Q: What remedies are available to a successful plaintiff?
A first-instance decision may be appealed to the Prague High Court, which usually issues its decision within a year. However, instead of either confirming or contradicting the decision, the Prague High Court may simply return the case to the first-instance court for rehearing. It is possible to appeal such a decision.
Q: How are damages awards calculated? Is it possible to obtain punitive damages?
Compensation is determined either by the actual amount of damages (which the plaintiff must prove, which can be extremely difficult in litigation involving industrial property rights) or based on a licence analogy (ie, the amount of royalties that the rights holder would have earned if the right had been licensed rather than infringed). The court may grant up to double the usual amount of royalties in case of wilful misconduct. In cases of unintentional infringement it may order only the usual amount of royalties.
Q: Under what circumstances might a court grant a permanent injunction? How often does this happen?
In cases where industrial property rights have been violated, the court may issue an order permanently prohibiting the infringing conduct. The violation itself is punishable by fines of up to €3,500 – sometimes repeatedly, even within execution proceedings.
Q: Does the losing party have an automatic right of appeal? If not, under what circumstances might leave to appeal be granted?
An unfavourable first-instance decision may be appealed to the Prague High Court within 15 days of receipt. Within this period the appeal may be filed as a formal matter only. Later, it must be substantiated (there is no prescribed period for this, but usually it takes about one month after the appeal is filed). Both parties may appeal a decision simultaneously – for example, if the action was met only in part.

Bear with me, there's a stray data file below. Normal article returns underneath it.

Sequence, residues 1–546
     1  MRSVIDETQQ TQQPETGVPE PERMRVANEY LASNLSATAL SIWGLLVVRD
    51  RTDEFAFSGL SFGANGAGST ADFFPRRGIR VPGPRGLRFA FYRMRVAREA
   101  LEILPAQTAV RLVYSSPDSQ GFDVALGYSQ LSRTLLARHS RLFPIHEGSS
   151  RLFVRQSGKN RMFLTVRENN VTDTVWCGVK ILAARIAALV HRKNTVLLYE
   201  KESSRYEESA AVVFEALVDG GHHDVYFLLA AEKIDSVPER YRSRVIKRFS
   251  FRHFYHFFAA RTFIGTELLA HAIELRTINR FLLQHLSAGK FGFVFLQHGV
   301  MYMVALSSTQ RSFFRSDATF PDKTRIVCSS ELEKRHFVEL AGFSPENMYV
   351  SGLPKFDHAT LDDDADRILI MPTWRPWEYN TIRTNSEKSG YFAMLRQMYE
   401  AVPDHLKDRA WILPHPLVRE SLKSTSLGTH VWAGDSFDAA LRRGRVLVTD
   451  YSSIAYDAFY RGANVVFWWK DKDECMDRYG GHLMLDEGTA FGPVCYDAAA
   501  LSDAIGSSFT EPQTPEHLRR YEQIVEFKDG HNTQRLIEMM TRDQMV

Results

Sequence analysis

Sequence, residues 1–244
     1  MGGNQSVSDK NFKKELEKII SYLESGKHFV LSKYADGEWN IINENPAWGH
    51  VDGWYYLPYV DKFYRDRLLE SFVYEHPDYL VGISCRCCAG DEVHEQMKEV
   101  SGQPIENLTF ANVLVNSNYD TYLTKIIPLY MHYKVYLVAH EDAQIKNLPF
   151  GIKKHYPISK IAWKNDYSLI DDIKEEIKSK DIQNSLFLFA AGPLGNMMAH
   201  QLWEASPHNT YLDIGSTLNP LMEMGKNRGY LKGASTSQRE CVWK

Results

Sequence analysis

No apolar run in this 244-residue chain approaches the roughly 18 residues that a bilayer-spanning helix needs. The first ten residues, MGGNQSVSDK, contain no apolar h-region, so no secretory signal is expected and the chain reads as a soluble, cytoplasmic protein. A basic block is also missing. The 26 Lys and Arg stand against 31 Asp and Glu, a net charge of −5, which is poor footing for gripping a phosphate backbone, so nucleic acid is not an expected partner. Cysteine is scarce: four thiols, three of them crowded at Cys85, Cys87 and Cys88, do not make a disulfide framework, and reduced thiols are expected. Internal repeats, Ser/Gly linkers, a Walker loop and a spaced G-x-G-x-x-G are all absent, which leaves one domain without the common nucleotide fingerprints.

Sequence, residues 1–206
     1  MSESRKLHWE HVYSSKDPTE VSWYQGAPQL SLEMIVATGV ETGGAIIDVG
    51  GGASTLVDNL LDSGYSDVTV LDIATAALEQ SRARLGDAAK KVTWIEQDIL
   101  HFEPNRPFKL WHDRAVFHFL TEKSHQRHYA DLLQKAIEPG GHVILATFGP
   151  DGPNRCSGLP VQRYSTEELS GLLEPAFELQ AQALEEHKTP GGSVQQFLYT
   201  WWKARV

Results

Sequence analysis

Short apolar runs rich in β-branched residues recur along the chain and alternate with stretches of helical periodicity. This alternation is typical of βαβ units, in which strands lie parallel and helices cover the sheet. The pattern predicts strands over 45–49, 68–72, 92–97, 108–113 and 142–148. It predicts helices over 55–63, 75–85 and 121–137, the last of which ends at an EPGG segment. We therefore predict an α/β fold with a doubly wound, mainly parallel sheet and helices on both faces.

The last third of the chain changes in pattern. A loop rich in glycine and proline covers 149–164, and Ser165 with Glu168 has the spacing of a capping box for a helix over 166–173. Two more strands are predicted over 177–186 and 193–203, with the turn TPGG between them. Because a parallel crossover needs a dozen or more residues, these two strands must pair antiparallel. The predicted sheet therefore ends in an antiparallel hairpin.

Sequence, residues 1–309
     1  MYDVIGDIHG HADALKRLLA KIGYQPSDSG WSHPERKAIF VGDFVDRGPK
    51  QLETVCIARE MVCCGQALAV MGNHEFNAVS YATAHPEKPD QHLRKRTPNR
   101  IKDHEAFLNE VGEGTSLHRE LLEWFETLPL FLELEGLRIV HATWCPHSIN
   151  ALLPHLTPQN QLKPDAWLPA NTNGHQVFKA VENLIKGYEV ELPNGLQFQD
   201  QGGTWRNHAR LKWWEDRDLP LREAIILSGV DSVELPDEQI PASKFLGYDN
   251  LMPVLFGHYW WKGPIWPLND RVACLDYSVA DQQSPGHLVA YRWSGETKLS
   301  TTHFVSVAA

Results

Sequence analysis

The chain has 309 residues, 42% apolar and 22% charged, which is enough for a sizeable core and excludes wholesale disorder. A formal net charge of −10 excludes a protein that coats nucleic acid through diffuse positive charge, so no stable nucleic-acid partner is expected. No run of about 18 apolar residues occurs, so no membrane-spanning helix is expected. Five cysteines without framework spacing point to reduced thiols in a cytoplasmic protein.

Q: How long does it typically take for an appellate decision to be handed down?
Usually, the appeal court decides within one year of filing of the appeal.
Q: Is it possible to take cases beyond the second instance?
In some cases, after the appeal court decision, it is possible to submit an appeal to the Supreme Court of the Czech Republic as an extraordinary remedy. However, in practice, such submissions are nearly always rejected.
Q: To what extent do the courts in your jurisdiction have a reputation for being pro-patentee?
The Czech courts are not known for always siding with rights holders. Rather, decisions are often unpredictable.
Q: Is your jurisdiction a signatory to the London Agreement on Translations?
The Czech Republic is not a signatory to the London Agreement on Translations.
Q: Has your jurisdiction signed the Agreement on the Unified Patent Court? If so, when do you expect it to be ratified?
The Czech Republic has ratified the Agreement on the Unified Patent Court.
PATENTSERVIS Praha as
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Jan Hák is deputy director and senior partner of PATENTSERVIS. He is also a registered patent and trademark attorney and a member of the Institute of Professional Representatives before the European Patent Office. He graduated from Charles University in Prague in 1980 and until 1990 worked at the Industrial Property Office, mainly in the legal department.
Dr Hák has authored articles in Managing Intellectual Property magazine since 1994, on subjects including employee inventions and Czech patent and trademark legislation.
In 2005 Dr Hák gained a PhD in international private law in 2005 and joined the law faculty of the University of West Bohemia, Pilsen, as a lecturer. He is also a member of the Metropolitan University Prague Scientific Council.